"Broken Sword - The Sleeping Dragon (PAL) /ID SLES_515.57"
"Canis Canem Edit (PAL) /ID SLES_535.61"
"Dead or Alive 2 - Hardcore (NTSC-U) /ID SLUS_200.71"
"Death by Degrees (PAL) /ID SCES_525.86"
"Fahrenheit (PAL) /ID SLES_535.39"
"Final Fantasy X (PAL) /ID /ID SCES_504.92"
"Final Fantasy X-2 (PAL) /ID SLES_518.17"
"ICO (PAL) /ID SCES_507.60"
"Shadow of Memories (PAL) /ID SLES_501.12"
"The Bards Tale (PAL) /ID SLES_531.54"
"The Operative: NOLF (PAL) /ID SLES_505.92"
"XIII (PAL) /ID SLES_512.94"

https://pastebin.com/JpcCvraS
(Thats the content of the CheatDatabase.txt, btw. so you can paste that into yours and it will work.)
 
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ClancyDaEnlightened

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Also there is GSM, which allows you to force display modes, 1080i with component seems to work best for my tv

Use it in conjunction with the widescreen patch

I recommend opl 1.0.0 as 1080 was removed in later versions due instability between consoles, or use the standalone gsm app

Supports ntsc/pal, component interlaced/progressive, and VGA video modes (if you can find a VGA cord and a sync on green compatible display)
 
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notimp

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Also there is GSM, which allows you to force display modes, 1080i with component seems to work best for my tv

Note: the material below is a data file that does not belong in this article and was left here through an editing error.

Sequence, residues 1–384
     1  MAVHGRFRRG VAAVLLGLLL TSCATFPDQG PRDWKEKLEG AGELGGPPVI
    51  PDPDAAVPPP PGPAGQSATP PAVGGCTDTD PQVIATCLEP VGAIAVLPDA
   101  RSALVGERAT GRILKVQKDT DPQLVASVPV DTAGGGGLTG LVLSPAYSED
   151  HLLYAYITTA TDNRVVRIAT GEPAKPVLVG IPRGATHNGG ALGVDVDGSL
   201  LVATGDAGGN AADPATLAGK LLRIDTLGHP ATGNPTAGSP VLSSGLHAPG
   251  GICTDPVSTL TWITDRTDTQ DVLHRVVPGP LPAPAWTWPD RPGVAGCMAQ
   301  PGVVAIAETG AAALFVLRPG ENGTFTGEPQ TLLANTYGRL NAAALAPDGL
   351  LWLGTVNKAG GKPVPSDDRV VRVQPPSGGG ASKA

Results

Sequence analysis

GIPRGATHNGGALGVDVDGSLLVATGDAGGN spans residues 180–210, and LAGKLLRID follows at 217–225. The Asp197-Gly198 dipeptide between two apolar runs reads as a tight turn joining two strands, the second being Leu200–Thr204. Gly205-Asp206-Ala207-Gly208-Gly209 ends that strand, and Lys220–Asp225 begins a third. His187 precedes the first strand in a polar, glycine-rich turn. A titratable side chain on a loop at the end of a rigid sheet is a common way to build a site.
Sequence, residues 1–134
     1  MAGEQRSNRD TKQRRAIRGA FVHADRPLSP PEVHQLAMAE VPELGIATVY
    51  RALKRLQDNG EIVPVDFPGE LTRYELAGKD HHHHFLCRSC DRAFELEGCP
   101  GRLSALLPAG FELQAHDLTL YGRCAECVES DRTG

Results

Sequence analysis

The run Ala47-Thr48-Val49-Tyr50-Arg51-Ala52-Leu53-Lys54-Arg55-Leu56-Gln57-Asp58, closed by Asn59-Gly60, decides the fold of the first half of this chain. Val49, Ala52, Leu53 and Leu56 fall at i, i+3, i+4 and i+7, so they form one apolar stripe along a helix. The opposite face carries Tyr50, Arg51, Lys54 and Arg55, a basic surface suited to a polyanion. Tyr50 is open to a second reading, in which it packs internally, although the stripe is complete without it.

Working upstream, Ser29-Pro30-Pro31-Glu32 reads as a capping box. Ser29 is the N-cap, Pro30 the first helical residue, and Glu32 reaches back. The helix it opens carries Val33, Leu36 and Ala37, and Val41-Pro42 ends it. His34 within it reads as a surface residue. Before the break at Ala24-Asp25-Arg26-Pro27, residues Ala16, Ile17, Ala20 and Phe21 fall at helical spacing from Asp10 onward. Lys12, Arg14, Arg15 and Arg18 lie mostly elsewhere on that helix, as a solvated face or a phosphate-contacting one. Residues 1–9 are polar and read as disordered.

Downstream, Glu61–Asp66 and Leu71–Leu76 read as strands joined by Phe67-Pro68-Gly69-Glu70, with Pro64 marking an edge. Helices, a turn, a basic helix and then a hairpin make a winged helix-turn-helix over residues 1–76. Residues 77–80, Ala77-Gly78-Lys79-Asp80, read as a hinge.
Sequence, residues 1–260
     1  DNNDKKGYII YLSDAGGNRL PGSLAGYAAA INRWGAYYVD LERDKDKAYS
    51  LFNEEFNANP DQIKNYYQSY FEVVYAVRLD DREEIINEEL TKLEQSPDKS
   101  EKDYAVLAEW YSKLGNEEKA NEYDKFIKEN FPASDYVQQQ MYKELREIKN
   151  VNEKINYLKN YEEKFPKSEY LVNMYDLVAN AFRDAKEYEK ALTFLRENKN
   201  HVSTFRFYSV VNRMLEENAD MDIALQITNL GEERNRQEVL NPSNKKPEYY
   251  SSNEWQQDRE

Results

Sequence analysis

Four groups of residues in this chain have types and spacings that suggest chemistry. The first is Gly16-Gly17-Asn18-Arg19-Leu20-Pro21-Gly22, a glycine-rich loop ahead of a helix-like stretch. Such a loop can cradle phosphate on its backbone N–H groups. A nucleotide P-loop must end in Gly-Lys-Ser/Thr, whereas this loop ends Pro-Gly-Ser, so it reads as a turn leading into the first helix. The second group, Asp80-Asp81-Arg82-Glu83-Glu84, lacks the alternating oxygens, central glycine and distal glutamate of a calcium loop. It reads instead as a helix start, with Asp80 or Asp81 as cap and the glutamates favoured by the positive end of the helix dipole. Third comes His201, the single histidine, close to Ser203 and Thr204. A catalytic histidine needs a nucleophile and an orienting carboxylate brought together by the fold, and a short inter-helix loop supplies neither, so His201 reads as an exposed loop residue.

Use it in conjunction with the widescreen patch

I recommend opl 1.0.0 as 1080 was removed in later versions due instability between consoles, or use the standalone gsm app

Supports ntsc/pal, component interlaced/progressive, and VGA video modes (if you can find a VGA cord and a sync on green compatible display)
The top and bottom black bars arent optimal in your example. So have some additional information. :)

The widescreen setting on PS2 (in settings) actually is only used (polled, so 'checked') by some games, most of them ignore it, and the majority that dont actually stretch the game, usually to about 3:2 or something similar. So outside of very few cases, usually even when using 16:9 cheats, they would expect you to have the aspect ratio set to 4:3 in the PS2 menu and start from there.

GSM and 1080i is an option that usually works on most games (see compatibility lists), but for some games (usually not when set to 1080i), when a (usually different) resolution mode (in GSM (or older OPL versions with that feature) is selected games might stop playing cutscenes, or crash altogether.

Also I wonder if this is actually responsible for the top and bottom black bars. (Might not be, but changing around resolutions might or might not be a way to get rid of them)